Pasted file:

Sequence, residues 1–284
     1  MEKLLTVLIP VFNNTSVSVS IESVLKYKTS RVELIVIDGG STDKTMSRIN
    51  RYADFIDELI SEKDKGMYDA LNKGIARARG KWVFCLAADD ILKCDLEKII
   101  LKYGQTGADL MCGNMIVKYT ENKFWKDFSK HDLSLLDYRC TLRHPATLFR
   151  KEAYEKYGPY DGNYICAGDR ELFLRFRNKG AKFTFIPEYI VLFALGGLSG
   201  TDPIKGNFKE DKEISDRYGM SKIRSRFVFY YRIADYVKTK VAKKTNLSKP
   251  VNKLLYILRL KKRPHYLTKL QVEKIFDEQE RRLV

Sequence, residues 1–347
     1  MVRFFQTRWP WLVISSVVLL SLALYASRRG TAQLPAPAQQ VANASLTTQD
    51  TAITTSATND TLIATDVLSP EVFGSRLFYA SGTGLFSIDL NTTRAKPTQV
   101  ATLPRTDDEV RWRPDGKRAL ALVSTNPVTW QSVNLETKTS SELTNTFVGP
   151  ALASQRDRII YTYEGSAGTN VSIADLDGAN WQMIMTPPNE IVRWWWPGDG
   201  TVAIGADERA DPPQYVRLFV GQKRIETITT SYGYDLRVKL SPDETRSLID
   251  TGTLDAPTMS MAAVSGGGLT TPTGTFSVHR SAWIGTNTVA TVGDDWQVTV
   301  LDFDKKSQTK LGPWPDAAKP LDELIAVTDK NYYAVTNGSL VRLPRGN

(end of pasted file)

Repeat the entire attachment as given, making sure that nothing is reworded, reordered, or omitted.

Sequence, residues 1–284
     1  MEKLLTVLIP VFNNTSVSVS IESVLKYKTS RVELIVIDGG STDKTMSRIN
    51  RYADFIDELI SEKDKGMYDA LNKGIARARG KWVFCLAADD ILKCDLEKII
   101  LKYGQTGADL MCGNMIVKYT ENKFWKDFSK HDLSLLDYRC TLRHPATLFR
   151  KEAYEKYGPY DGNYICAGDR ELFLRFRNKG AKFTFIPEYI VLFALGGLSG
   201  TDPIKGNFKE DKEISDRYGM SKIRSRFVFY YRIADYVKTK VAKKTNLSKP
   251  VNKLLYILRL KKRPHYLTKL QVEKIFDEQE RRLV

Sequence, residues 1–347
     1  MVRFFQTRWP WLVISSVVLL SLALYASRRG TAQLPAPAQQ VANASLTTQD
    51  TAITTSATND TLIATDVLSP EVFGSRLFYA SGTGLFSIDL NTTRAKPTQV
   101  ATLPRTDDEV RWRPDGKRAL ALVSTNPVTW QSVNLETKTS SELTNTFVGP
   151  ALASQRDRII YTYEGSAGTN VSIADLDGAN WQMIMTPPNE IVRWWWPGDG
   201  TVAIGADERA DPPQYVRLFV GQKRIETITT SYGYDLRVKL SPDETRSLID
   251  TGTLDAPTMS MAAVSGGGLT TPTGTFSVHR SAWIGTNTVA TVGDDWQVTV
   301  LDFDKKSQTK LGPWPDAAKP LDELIAVTDK NYYAVTNGSL VRLPRGN